2. Discuss and negotiate the terms

If there are certain terms that either party is unhappy about, then this is the time to negotiate the terms and discuss whether additional provisions can be included or existing ones can be altered.

3. Finalize and sign the agreement

Once both parties are satisfied and have come to an agreement regarding the negotiated terms, then the contract can move to finalization and approval.

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Tips and Best Practices for Contract Negotiation

Let’s go through some tips and best practices you can use to ensure a seamless negotiation:

Have clear objectives

Know what your needs and objectives are before entering a negotiation. Decide on what your non-negotiables are and whether you can provide some leeway in certain areas. 

Feel free to ask questions

The negotiation stage is the perfect time to ask questions, so don’t shy away from clarifying what’s confusing with the other party. This will help you see their side of the story and make it easier for both parties to understand each other’s needs and come up with a beneficial arrangement.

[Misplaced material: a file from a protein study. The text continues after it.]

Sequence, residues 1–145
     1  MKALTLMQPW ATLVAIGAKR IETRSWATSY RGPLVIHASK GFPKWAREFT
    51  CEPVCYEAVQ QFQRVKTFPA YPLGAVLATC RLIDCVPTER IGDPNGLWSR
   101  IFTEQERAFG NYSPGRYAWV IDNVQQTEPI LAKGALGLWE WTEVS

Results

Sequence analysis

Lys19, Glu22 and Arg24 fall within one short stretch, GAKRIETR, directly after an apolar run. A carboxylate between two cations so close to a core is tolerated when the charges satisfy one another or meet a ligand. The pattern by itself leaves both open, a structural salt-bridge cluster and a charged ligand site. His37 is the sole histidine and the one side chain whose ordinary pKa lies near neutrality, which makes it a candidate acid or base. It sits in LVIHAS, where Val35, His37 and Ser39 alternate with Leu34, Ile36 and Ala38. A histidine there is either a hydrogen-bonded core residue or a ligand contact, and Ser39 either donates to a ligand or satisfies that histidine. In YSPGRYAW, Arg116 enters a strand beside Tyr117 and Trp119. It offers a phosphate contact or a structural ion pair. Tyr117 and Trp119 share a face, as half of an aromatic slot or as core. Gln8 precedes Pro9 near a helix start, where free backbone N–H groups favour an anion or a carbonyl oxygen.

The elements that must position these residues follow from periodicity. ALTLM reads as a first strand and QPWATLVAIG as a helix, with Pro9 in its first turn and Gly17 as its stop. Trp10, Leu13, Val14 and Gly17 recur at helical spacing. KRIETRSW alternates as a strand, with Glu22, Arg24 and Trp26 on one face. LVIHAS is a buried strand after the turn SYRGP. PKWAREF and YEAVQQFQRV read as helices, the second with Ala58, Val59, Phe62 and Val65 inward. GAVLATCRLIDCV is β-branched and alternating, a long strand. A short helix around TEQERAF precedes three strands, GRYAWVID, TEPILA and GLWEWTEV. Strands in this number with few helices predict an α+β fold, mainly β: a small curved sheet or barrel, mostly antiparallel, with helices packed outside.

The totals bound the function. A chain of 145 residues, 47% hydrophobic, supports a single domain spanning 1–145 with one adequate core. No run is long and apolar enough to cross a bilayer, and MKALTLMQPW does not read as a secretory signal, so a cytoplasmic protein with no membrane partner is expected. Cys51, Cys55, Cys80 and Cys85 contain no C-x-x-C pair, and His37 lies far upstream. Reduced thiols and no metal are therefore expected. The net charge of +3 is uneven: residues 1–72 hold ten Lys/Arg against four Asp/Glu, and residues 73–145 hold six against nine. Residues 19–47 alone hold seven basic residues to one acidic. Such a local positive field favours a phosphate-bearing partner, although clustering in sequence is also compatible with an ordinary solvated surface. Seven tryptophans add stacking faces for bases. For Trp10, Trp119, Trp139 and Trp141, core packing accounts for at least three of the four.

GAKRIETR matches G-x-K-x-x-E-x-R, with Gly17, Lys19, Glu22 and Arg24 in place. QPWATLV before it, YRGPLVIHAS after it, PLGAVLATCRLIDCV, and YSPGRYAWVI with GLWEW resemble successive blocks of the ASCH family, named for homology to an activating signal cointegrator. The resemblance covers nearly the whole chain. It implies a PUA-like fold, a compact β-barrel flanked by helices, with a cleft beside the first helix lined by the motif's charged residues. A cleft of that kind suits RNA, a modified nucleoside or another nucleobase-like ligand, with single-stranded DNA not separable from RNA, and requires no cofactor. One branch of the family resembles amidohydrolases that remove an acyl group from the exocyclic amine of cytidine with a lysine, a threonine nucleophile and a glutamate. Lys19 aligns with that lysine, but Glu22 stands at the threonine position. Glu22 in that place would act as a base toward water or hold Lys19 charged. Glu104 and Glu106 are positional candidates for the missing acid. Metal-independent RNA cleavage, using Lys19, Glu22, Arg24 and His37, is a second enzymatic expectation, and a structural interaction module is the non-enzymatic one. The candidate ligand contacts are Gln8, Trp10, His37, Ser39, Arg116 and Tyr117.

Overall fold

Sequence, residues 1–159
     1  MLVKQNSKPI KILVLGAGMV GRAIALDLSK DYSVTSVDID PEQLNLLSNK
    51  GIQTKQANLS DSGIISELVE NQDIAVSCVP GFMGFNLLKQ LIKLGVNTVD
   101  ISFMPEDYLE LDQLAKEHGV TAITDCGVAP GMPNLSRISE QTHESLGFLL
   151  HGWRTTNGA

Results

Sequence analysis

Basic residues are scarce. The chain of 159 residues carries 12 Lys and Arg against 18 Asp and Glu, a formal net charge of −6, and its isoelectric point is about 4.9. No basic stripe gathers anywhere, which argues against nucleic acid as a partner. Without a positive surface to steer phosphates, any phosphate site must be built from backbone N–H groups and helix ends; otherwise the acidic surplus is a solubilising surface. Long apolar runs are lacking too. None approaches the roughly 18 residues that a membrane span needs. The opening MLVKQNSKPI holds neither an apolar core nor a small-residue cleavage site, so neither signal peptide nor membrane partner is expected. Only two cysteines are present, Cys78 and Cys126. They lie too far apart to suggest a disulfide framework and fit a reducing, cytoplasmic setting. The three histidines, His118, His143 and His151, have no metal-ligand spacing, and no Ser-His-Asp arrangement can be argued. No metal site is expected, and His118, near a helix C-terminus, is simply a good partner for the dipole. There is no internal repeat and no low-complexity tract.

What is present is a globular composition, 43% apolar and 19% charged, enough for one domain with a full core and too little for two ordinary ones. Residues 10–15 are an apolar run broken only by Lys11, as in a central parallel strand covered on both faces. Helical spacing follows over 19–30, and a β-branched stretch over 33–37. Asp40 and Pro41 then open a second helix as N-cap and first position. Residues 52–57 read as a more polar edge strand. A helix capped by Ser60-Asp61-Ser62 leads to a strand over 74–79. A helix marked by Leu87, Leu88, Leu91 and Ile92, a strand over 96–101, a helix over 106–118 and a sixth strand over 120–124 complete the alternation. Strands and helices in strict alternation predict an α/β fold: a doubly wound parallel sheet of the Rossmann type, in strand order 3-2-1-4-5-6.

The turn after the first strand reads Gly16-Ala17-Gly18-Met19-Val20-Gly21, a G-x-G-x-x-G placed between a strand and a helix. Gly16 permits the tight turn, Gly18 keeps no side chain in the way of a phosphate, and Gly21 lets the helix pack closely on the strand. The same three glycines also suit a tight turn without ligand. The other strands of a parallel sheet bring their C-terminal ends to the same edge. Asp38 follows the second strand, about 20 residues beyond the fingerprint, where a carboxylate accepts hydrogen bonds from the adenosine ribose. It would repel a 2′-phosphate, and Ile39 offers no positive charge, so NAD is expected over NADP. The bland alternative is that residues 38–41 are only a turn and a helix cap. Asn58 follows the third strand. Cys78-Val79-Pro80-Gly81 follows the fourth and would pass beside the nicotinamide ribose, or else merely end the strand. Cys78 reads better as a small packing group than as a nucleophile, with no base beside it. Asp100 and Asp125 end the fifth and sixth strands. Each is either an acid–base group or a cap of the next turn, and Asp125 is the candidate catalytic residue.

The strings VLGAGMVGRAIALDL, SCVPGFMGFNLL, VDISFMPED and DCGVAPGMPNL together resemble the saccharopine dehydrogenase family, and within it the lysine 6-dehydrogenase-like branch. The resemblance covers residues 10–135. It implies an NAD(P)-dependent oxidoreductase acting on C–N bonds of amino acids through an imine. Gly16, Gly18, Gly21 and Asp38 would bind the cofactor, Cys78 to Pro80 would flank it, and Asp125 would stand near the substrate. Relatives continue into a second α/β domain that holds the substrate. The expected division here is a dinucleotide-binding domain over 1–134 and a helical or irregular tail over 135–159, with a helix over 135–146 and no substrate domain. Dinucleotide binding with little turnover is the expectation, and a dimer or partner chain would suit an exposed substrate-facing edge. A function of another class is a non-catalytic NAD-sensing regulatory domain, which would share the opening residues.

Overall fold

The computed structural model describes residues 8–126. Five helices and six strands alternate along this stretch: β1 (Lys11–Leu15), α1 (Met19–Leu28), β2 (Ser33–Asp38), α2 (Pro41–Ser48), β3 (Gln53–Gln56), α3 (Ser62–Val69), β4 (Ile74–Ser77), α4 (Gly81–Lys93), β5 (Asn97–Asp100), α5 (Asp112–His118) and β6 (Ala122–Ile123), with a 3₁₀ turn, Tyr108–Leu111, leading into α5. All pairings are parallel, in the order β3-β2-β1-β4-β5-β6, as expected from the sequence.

Don’t be combative

Negotiations may stir unpleasant emotions, but being combative will only derail negotiations and hinder effective communication. Instead of getting carried away, try to communicate as clearly and effectively as you can, both verbally and in writing. 

Pro tip: Read Never Split the Difference, a top-rated book by former FBI hostage negotiator, Chris Voss, for help in this department. Negotiations should never feel sour.

Practice active listening

Start your negotiation process by really listening to the other party. This will help you build trust and rapport and create a solid foundation for your negotiations. Don’t hog the conversations, and allow the other party to express their needs clearly and fully, too.